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Lady in a cage

Sometimes it seems as though DVDs are released just for the sake of filling a hole in the catalogue. Considering the lack of anything truly distinctive in this 2007 production of Verdi’s La forza del destino from the Maggio Musicale Fiorentino, that would certainly seem to be the case here. (If anyone is wondering, the hole in the catalogue I am referring to is a modern HD version of the standard 1869 Forza with a recognizable cast.) 

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Been there, did it

The word traditional, when used to describe opera productions can imply a certain setting, costuming, stage action, or even overall dramatic conception (or lack thereof).  Tradition at its best can provide a straightforward backdrop for the genius of a work to unfold, and at its worst weigh an opera down with outdated and vapid conventions. Unfortunately, this production of Mozart’s Cosi fan tutte from the 1983 Salzburg Festival, directed by Michael Hampe, is traditional in the worst way.  It is a safe production which offers cheesy staging that conveniently skates over the conflict and ambiguity inherent in Mozart’s work. 

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Blood simple

Is it possible for a performance of Richard Strauss’s Elektra to be exciting without an exciting Elektra? It of course depends on your priorities and expectations, which will ultimately determine whether such a performance, as preserved on this DVD from Baden-Baden is for you. Linda Watson’s first assumption of the punishing role of Elektra (she learned it only eight weeks prior to this production) is admirable for her scrupulous musicianship, command of the text, and the regality she brings to the role.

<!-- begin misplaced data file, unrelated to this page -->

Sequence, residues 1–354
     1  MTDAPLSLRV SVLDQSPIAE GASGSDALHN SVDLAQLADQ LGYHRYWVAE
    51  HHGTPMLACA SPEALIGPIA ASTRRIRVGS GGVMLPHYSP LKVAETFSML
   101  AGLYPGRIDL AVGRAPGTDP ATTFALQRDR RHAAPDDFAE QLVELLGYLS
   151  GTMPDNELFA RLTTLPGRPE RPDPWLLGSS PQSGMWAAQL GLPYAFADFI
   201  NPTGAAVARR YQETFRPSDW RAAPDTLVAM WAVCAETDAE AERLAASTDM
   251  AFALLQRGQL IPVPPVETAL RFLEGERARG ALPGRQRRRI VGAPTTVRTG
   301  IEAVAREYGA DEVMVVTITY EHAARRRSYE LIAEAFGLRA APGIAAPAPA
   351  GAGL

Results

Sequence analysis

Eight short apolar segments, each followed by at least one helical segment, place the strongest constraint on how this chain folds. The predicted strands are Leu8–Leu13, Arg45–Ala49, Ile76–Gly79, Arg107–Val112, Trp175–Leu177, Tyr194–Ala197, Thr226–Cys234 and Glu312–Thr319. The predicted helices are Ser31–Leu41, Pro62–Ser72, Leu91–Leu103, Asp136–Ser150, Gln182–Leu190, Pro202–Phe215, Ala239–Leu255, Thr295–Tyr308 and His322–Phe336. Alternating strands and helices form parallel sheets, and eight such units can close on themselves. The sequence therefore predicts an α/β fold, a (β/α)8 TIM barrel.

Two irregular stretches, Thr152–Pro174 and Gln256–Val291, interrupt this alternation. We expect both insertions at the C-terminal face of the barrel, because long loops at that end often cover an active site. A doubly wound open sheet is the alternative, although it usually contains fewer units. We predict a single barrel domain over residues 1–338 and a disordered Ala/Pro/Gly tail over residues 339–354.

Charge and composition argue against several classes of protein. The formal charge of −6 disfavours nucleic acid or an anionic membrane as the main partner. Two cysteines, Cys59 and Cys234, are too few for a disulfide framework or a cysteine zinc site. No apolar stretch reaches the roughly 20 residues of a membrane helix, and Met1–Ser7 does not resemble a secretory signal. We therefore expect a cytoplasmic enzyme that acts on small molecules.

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The boys in the back room

“The American Way of Life, lightly satirized, lies at the heart of our production: it is an adventure that takes place somewhere between Wall Street and Hollywood.” Nikolaus Lehnhoff, as can be surmised from these liner notes, makes full use of stereotypically “American” imagery throughout his production of Puccini’s La fanciulla del West:  Wall Street traders, menacing skyscrapers, Leo the MGM Lion, and more.   It is unclear, however, what it all adds up to, since there is little overarching or specific meaning in this mishmash of Americana.  The opera opens with a video of frenzied traders on the chaotic floor [...]

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Canon ball

New York Festival of Song’s Manning the Canon: Songs of Gay Life is a delightfully lighthearted, deeply personal, and colorful recital made of equal parts sex, camp, melancholy, and tenderness.  Steven Blier‘s wide-ranging program consists of five sets of songs, each meant to evoke, as per his program notes, “a quintessential moment of a gay man’s experience (read: this gay man’s experience)”.  The odd-numbered sets are comprised of cabaret and musical theater pieces and the even-numbered sets of art song. 

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Finishing the spat

Although billed as “I Love Lucy the opera”, New York City Opera’s production of Richard Strauss’s conversation-piece Intermezzo offers far more emotional depth than the much-loved 1950s sitcom. Yet ironically, in key moments it lacks the necessary heart which Lucy had in spades. 

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Rumbledämmerung

Performance Lab 115‘s adaptation of the first two parts of Wagner’s Ring Cycle, simply titled The Ring Cycle: [Parts 1+2], is a clever, well thought-out, if not entirely successful attempt to mythologize Wagner’s epic within the framework of 1980′s professional wrestling.